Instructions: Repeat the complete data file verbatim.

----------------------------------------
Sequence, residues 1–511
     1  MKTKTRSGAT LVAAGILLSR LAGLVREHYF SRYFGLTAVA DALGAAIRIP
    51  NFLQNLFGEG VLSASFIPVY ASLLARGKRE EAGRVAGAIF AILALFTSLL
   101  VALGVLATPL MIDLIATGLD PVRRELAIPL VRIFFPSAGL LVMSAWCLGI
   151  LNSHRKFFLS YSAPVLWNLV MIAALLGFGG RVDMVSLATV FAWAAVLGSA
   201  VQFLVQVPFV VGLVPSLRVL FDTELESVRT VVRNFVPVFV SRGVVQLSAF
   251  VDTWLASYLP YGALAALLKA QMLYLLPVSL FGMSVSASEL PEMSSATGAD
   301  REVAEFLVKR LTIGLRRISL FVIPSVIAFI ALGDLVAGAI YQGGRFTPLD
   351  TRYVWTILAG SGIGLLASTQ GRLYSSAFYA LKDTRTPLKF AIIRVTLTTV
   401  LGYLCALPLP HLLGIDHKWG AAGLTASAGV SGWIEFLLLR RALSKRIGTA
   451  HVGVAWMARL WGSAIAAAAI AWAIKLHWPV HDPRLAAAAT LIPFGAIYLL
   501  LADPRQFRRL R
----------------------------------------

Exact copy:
Sequence, residues 1–511
     1  MKTKTRSGAT LVAAGILLSR LAGLVREHYF SRYFGLTAVA DALGAAIRIP
    51  NFLQNLFGEG VLSASFIPVY ASLLARGKRE EAGRVAGAIF AILALFTSLL
   101  VALGVLATPL MIDLIATGLD PVRRELAIPL VRIFFPSAGL LVMSAWCLGI
   151  LNSHRKFFLS YSAPVLWNLV MIAALLGFGG RVDMVSLATV FAWAAVLGSA
   201  VQFLVQVPFV VGLVPSLRVL FDTELESVRT VVRNFVPVFV SRGVVQLSAF
   251  VDTWLASYLP YGALAALLKA QMLYLLPVSL FGMSVSASEL PEMSSATGAD
   301  REVAEFLVKR LTIGLRRISL FVIPSVIAFI ALGDLVAGAI YQGGRFTPLD
   351  TRYVWTILAG SGIGLLASTQ GRLYSSAFYA LKDTRTPLKF AIIRVTLTTV
   401  LGYLCALPLP HLLGIDHKWG AAGLTASAGV SGWIEFLLLR RALSKRIGTA
   451  HVGVAWMARL WGSAIAAAAI AWAIKLHWPV HDPRLAAAAT LIPFGAIYLL
   501  LADPRQFRRL R